Gap Folio

Jung Hur

Singing-Palette.org
Singing-Palette.org
Singing-Palette.org
Singing-Palette.org
Keywords: Painting paperFramedKoreaAbstract ExpressionismKorean ContemporaryMulti perspectivesContemporary RealismConceptual ArtAbstractAcrylic ArtCanvasKeyholeYin YangMirrorPoppie

Work Overview

The scripts is written by E-Moderne Gallerie and copyright protected --

The word “folio” in the title refers to the traditional large parchment or paper for art or printing. The white form we see lifting off from the lower left edge of the work plays off of the real paper on which the work is made. There is no simple truth to the work, but its systems logic hints at an easy reading of the work’s own making: We can imagine, for example, that the folio form is this piece of paper, that the black is the table and the grayed white is the floor below.

This reading shouldn’t be taken as the only reading, since that would shortchange the dynamic sense Jung Hur imparts to his works physically, visually, energetically, metaphorically and symbolically.They are, after all, invitations to consider varied perspective - particularly our own.

Exhibition History
The White Box Gallery, NYC
The Owen Gallery, Bethel, Maine
The Corey Daniels Gallery, Maine
The Lunder Gallery, Maine
E-moderne Gallerie, Philadelphia

Publication
Art New England

Jung Hur grew up in Seoul South Korea, He studied traditional Korean Brush technique and earned his MFA in painting from Hongik University. Jung in several one-person exhibitions in Seoul, South Korea, before emigrating to the United States in 1998. He created a highly acclaimed Michelin Star restaurant Kirara in the West Village, NYC. But Jung never give up his work as an artist, when time allowed, Jung made discrete experiments integrating his art within his food preparations.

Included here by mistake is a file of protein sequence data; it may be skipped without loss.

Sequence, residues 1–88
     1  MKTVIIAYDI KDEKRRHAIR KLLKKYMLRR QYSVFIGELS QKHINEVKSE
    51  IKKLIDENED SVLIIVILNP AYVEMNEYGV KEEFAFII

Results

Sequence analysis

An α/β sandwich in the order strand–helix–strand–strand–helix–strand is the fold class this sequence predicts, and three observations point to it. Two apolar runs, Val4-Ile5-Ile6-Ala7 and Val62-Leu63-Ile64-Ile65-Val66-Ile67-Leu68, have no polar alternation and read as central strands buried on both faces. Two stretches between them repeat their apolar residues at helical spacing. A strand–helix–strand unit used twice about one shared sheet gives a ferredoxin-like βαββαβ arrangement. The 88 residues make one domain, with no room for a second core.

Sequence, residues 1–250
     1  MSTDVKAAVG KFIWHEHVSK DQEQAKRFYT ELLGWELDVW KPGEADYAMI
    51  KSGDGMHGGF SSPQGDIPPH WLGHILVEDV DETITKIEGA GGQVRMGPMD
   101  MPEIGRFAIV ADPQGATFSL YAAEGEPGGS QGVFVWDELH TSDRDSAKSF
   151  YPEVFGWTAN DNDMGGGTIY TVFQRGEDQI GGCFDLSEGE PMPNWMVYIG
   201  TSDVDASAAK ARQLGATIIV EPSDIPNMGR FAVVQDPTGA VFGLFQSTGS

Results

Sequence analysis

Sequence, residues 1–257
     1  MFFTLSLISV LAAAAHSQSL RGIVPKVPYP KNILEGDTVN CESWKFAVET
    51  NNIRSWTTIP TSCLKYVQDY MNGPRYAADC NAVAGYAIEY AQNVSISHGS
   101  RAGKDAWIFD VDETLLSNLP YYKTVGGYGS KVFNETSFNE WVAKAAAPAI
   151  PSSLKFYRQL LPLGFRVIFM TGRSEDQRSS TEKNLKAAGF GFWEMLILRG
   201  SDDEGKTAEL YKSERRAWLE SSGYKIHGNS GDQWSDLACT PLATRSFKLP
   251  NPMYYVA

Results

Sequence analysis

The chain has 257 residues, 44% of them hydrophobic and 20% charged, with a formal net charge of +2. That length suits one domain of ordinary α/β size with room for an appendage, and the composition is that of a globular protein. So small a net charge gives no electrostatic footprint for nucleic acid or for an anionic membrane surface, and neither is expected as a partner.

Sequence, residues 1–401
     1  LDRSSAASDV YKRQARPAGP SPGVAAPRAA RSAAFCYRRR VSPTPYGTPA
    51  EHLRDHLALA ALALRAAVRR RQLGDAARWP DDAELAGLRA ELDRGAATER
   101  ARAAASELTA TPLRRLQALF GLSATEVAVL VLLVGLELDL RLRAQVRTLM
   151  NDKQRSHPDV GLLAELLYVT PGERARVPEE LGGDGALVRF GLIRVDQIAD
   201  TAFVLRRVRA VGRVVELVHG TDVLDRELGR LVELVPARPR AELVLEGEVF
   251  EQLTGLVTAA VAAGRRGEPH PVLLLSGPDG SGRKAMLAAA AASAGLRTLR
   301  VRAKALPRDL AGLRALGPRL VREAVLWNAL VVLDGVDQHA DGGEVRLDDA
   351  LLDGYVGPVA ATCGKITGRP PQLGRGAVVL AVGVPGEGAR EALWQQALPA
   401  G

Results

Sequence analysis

In 2008 he moved to Portland Maine to establish a studio and work full time to bring his art vision to reality. A vision had been fermenting for 20 years, on how to create an integrated art of food and combine into painting. The project finally made public for the first time in Portland in December of 2013. Since then Jung had been exhibited at the White Box Gallery in NYC, the Art Gallery at the University of Maine at Farmington, the Owen Gallery at Gould Academy in Bethel, and the Corey Daniels Gallery in Wells, Maine. Hur’s paintings were featured in the Lunder Gallery at the Maine College of Art’s Institute of Contemporary Arts.

For the first time in 2017, Jung exhibiting his work in Philadelphia at The E-Moderne Gallerie. Followed by exhibitions in Boston, Seattle, and Korea all in the first six months of the year. 

Jung's exploration of abstract painting integrates image and ground through processes that suggest the inexorable repetition of birth and rebirth. The signs in their positive and negative aspects permeate the tissue of Hur’s art. 

Jung’s paintings have included his personal symbol, a stylized pair of shapes that represents a key and keyhole. He uses these symbols to activate many ideas, but one of the most obvious things is to deny the assumption of single-point perspective. 

A single keyhole is a model for single-point perspective. Jung rarely uses one keyhole in his paintings; he often covers his large canvases with the symbol to a great clusters or grids. He tilts them, so the shape becomes an oval — a circle seen at an angle. 

He often put different shadows on them; the shadows also rebel against the idea of a single light source. I also switch between the key and keyhole shapes to further vary the idea and to convey the notion of Yin-Yang which formed the basis of his philosophical understanding of the world.